The Signs. You’ve been dating a while and never met their friends and family. They don’t talk about their family a lot. You don’t attend places where you might run into friends and family. They will also avoid conversations about where the relationship is going.
How to avoid it. This one is pretty much on them. If you haven’t met their friends and family after about three months of dating, you need to have a serious conversation about why. It’ll likely be the last conversation you have with them while in a relationship.
What is it? This is a millennial dating term most of us have probably experienced. When you’re benching someone, you’re stringing them along just enough to keep them interested because you like the fact that they like you. This is all about the fact that they make you feel special and validated. You don’t have any interest in a relationship with them.
The Signs. You can tell if someone is benching you because you never go out one on one, but they frequently like posts on Instagram and other social media, and flirt with you occasionally. They fish for compliments from you.
How to avoid it. Don’t waste your time on someone who can’t prioritize you. If there’s no substance to your relationship, and if they’re always fishing for compliments, you’re probably not going to get what you need from them. Even if the benching is mutual, there’s better and more healthy ways to build up your self-esteem.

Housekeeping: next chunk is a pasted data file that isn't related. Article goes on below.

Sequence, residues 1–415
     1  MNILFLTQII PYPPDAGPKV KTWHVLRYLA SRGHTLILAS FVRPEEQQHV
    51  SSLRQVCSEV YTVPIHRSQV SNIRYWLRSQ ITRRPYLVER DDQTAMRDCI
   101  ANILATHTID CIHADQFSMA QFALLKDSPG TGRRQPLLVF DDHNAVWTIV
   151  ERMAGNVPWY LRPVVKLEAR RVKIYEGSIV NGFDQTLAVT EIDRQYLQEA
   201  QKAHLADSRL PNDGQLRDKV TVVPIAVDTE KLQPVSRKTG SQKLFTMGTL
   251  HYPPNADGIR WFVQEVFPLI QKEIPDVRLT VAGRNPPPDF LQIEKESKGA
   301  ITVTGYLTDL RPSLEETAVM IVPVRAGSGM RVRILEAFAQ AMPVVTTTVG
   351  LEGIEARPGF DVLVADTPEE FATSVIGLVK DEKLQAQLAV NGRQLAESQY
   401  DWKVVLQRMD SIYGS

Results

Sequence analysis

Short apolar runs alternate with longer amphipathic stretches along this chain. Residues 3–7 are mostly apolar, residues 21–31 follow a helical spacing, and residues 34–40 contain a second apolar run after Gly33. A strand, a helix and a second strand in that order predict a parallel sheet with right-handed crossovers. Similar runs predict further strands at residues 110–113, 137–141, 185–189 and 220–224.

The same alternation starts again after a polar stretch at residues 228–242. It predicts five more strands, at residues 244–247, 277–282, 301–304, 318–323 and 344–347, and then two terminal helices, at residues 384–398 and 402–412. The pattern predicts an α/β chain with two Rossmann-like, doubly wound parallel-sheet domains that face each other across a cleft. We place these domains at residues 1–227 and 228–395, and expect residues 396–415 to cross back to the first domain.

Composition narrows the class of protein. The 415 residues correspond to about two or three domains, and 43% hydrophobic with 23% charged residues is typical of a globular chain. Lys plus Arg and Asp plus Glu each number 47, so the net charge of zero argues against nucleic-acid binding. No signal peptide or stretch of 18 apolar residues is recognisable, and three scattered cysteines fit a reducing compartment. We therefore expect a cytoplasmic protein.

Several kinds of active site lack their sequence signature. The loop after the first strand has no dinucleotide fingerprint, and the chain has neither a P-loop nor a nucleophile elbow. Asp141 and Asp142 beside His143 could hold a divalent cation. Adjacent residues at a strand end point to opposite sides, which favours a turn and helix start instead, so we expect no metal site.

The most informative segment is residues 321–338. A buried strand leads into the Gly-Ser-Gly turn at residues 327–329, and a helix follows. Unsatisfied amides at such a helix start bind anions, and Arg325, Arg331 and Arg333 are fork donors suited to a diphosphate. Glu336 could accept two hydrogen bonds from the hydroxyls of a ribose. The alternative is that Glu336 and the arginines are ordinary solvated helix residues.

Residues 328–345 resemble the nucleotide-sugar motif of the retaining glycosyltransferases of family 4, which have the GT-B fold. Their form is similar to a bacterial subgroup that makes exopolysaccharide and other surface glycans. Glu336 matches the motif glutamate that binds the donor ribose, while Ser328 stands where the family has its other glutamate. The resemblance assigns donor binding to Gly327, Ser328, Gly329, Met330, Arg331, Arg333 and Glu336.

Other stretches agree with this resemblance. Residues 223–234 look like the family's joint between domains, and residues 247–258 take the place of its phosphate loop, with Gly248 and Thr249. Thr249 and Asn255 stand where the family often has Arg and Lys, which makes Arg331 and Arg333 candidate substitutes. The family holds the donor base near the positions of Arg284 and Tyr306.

What is it? Cushing is analogous to the “emotional fluffer,” except the focus is on keeping people you flirt with on the side to your main relationship to cushion the blow of a potential break up. These people probably don’t play any other role than to make the person feel better about a bad or recently ended relationship.
The Signs. You can tell you’re a cushion for someone when your relationship only consists of flirting and probably them venting to you. They come to you when their main relationship isn’t doing well so they can feel better. There’s probably very little reciprocity in this relationship, except you may feel happy that someone “needs” you.
How to avoid it. Don’t flirt with people who just use you as their emotional fluffer. If you’re not getting what you want out of the relationship or it’s not going anywhere, reduce your interaction with them. Eventually they’ll move on. There are better, more genuine ways that you can feel needed.
What is it? This millennial dating term is obvious, because creeping is another name for cheating. Why we can’t just call it cheating, I’ll never know.
The Signs. Most people have an innate sense when someone is cheating on them, but there are some more common signs you can watch for in case you’re trying to ignore your feelings.
If you frequently don’t know where your partner is and they’re being secretive about where they are and who they’re with, it’s a major sign. Some “creepers” will also take to blaming you or getting angry for minor things or accusing you of being untrustworthy. This is them projecting their own guilt on to you.